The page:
• A no-risk status. You won’t be eligible for a residence permit if you are deemed to pose a risk to public safety, are associated with terrorist or extremist activities, or may weaken Austria’s relationship with other countries.

Other useful information on the overarching Austrian residence permit requirements, including all the necessary documents, any constraints and the legal basis, can be found at

Applying for an Austrian residence permit for the first time

Most of the time, you must file your initial residence permit application before you even arrive in Austria. To this end, you’ll need to submit your application to anAustrian embassy or consulate (representative authority) in your country of origin, or the country where you currently reside. The application will then be forwarded to the relevant settlement authorities in Austria, who will ensure that all the requirements have been met. If everything looks good, the representative authority in Austria will be informed of your application. Depending on whether you need a visa for entry, an application for the granting of a visa will be filed first, so that you can travel to Austria and collect your residence permit from the relevant settlement authority in person.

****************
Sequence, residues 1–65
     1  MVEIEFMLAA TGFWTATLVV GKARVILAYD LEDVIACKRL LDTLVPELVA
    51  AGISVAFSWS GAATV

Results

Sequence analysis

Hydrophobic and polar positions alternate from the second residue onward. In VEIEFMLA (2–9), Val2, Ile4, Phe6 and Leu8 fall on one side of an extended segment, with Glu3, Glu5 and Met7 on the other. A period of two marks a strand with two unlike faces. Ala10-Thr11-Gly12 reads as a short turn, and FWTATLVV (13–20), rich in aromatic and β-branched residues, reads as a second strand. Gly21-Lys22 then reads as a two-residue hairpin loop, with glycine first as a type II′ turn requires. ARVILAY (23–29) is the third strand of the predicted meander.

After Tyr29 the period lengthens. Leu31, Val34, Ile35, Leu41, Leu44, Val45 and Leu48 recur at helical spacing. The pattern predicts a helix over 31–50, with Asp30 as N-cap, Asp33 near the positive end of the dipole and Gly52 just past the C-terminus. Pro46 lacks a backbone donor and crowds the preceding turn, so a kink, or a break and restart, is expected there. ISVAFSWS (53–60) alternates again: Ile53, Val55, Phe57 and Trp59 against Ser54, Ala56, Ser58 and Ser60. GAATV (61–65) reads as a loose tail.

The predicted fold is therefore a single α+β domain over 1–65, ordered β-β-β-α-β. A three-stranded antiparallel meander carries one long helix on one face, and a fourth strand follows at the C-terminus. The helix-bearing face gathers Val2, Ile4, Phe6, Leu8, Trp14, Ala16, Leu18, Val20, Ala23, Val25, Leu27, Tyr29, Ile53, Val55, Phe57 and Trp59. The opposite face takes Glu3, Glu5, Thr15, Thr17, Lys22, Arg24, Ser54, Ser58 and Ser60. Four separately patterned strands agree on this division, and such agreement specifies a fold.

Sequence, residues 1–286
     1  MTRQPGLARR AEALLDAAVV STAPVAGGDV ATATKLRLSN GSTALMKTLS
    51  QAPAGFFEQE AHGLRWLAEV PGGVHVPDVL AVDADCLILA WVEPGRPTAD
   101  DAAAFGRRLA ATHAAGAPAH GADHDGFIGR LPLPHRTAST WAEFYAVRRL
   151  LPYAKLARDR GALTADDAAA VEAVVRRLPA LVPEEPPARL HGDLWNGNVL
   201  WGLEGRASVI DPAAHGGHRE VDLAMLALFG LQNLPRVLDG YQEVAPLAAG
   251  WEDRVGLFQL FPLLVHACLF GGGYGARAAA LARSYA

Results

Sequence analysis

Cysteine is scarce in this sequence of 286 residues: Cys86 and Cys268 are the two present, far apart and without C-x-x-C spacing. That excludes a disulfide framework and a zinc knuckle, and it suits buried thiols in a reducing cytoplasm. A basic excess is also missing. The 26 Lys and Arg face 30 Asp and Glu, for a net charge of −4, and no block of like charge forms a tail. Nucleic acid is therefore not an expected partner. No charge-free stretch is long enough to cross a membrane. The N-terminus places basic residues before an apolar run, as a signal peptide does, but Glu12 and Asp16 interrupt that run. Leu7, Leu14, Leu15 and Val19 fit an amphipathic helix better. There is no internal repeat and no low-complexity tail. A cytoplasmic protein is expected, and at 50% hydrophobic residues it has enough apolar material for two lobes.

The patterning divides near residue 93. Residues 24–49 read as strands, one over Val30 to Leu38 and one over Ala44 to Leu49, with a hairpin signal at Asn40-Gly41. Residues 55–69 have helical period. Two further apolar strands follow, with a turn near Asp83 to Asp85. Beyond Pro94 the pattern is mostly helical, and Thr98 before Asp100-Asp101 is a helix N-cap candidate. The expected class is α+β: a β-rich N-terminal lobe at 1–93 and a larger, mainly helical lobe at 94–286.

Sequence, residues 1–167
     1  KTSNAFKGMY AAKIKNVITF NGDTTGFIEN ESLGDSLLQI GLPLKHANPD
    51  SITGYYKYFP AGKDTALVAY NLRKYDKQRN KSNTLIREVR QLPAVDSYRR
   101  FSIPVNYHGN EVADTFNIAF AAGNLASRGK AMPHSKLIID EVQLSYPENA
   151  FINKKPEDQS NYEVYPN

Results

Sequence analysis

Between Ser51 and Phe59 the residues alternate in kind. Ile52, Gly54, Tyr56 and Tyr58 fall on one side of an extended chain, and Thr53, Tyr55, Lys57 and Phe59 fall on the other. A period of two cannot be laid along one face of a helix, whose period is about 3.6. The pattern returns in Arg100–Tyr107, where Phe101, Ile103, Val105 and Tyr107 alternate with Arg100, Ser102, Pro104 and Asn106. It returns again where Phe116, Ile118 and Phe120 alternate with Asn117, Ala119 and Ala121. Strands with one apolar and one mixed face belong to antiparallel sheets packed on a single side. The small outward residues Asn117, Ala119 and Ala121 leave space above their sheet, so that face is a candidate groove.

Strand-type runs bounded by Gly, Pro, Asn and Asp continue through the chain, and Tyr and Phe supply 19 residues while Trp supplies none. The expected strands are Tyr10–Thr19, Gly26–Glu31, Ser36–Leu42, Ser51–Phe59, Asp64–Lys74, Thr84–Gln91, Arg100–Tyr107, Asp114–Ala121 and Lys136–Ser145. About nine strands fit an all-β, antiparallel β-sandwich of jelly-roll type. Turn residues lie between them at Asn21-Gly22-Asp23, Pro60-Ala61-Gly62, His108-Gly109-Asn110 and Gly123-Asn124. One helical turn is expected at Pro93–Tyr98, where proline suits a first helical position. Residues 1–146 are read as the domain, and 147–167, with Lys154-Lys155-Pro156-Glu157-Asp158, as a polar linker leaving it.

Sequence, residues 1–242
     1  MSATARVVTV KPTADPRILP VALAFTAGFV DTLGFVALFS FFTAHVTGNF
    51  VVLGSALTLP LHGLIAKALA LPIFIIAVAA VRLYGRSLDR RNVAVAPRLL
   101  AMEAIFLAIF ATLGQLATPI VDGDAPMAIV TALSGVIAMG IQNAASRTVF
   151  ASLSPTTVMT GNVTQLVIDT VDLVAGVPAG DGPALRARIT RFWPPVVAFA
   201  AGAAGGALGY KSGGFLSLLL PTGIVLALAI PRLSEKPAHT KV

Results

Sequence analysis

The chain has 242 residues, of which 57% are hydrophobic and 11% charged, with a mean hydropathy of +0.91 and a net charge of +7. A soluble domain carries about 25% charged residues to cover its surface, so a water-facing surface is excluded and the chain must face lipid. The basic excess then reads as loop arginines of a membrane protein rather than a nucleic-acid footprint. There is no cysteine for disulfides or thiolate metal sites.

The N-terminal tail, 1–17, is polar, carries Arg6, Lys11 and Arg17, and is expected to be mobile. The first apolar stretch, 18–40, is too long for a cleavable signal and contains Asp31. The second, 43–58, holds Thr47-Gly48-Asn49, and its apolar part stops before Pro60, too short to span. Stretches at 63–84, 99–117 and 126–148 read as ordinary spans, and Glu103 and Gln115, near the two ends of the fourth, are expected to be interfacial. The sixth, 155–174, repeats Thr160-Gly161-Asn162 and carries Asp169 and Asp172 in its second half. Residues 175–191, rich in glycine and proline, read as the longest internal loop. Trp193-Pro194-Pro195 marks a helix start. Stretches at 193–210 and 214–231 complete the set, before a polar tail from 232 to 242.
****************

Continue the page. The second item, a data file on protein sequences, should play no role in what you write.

That said, there are some exceptions that allow for initial residency applications to be filed in person. They primarily include family members of Austrians, EU/EEA citizens, or Swiss nationals who reside in Austria. Family members are defined as spouses and registered partners of at least 21 years of age at the point of the application, along with unmarried, underage children. If you do not require a visa to enter the country, you may also submit your initial application within Austria[TR1] . Other groups who can apply for a residence permit from within Austria can be found here.